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Safety dance

Top 10 players at the NFL's hottest defensive position

Posted: Tuesday August 30, 2005 11:31AM; Updated: Tuesday August 30, 2005 11:31AM
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Ed Reed led the NFL with nine interceptions last season.
AP

There's a subtle trend happening in today's NFL secondaries and Baltimore Ravens safety Ed Reed is the face of it. Gone are the days when cornerbacks with primetime flair held sole ownership of the spotlight. Now the safeties are getting more love. Just look around. The more complex offenses become and the more difficult it gets for cornerbacks under the illegal-contact rule, the more safeties are being asked to become disruptive forces.

Some are better at coverage. Others excel in the box. But one thing is certain: They're all assuming more responsibilities. That's why a guy like Reed -- last year's NFL Defensive Player of the Year -- is so valuable. He can do whatever a defensive coordinator needs. But there are plenty of others besides the Ravens star around the league. Here's SI.Com's list of the 10 best playmakers lining up at safety these days.

1. Ed Reed, safety, Ravens: He's not just the best safety in the NFL. He's the best defensive player. Last year he led the league with nine interceptions and a league-record 358 return yards while adding two defensive touchdowns (one on a 106-yard interception return and the other on a 22-yard fumble return). This year he'll be even more dangerous in Baltimore's 46 defense. "You can see he really studies the game," says Jets head coach Herm Edwards. "He doesn't just walk out there and play. He waits for his opportunity to make the play and when you think he's not going to make the play, that's when he gets you."

2. Brian Dawkins, free safety, Eagles: Like Reed, there is little Dawkins can't do on a football field. He covers like a cornerback. He hits like a linebacker. He reads plays as if he's wired into the headset of the opposing offensive coordinator. Last season the Eagles asked him to play a more conservative centerfield-type role in order to help young cornerbacks Lito Sheppard and Sheldon Brown. Now that they've proven themselves, expect Dawkins to become a freewheeling defender again.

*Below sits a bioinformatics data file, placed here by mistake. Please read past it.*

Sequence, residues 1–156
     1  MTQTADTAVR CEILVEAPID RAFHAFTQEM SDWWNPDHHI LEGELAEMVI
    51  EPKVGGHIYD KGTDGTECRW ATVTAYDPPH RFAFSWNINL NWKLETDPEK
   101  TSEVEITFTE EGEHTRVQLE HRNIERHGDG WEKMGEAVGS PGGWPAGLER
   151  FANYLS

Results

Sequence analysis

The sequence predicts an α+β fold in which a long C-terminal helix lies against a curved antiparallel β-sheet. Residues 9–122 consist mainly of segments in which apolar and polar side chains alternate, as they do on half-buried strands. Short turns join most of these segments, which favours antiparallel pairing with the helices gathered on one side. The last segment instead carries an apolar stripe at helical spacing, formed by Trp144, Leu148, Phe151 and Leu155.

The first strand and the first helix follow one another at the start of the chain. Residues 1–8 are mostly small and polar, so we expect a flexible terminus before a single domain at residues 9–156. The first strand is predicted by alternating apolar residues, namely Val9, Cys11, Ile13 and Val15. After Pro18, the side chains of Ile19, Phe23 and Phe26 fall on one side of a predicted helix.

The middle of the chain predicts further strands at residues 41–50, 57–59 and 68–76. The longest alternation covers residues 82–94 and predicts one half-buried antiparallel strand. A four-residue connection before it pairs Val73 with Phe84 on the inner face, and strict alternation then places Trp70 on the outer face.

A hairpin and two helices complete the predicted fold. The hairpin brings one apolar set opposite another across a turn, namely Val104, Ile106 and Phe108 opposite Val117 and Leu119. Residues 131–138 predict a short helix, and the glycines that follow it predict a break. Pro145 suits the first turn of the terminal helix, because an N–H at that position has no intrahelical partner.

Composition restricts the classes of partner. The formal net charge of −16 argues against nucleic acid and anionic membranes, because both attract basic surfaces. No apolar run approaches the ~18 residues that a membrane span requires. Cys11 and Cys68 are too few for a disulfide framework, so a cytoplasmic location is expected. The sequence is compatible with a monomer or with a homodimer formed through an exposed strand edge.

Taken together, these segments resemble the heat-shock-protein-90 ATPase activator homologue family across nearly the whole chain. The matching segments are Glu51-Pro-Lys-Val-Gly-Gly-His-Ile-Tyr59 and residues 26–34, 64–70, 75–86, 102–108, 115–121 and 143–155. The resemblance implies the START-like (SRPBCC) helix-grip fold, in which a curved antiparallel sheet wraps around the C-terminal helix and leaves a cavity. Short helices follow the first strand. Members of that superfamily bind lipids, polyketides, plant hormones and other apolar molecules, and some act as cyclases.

3. Roy Williams, strong safety, Cowboys: This two-time Pro Bowler will be more of a terror because he's returning to his natural position after playing free safety last season. He's at his best when he's in the box, where he can support against the run and blitz. He's not great in coverage but opponents say that doesn't matter. He likes intimidating opponents with his physical presence, even if he crosses the line. "He's gotten me with a few cheap shots," says Giants wide receiver Amani Toomer. "His hits tend to be either late or borderline shots."

4. Rodney Harrison, strong safety, Patriots: He was supposed to be declining when New England signed him two years ago. Now he looks like one of the best free-agent acquisitions in the past decade. There isn't a safety in the league better at run support. His leadership is just as valuable. His presence is one key reason the Patriots' injury-ravaged secondary never skipped a beat during last year's Super Bowl run.

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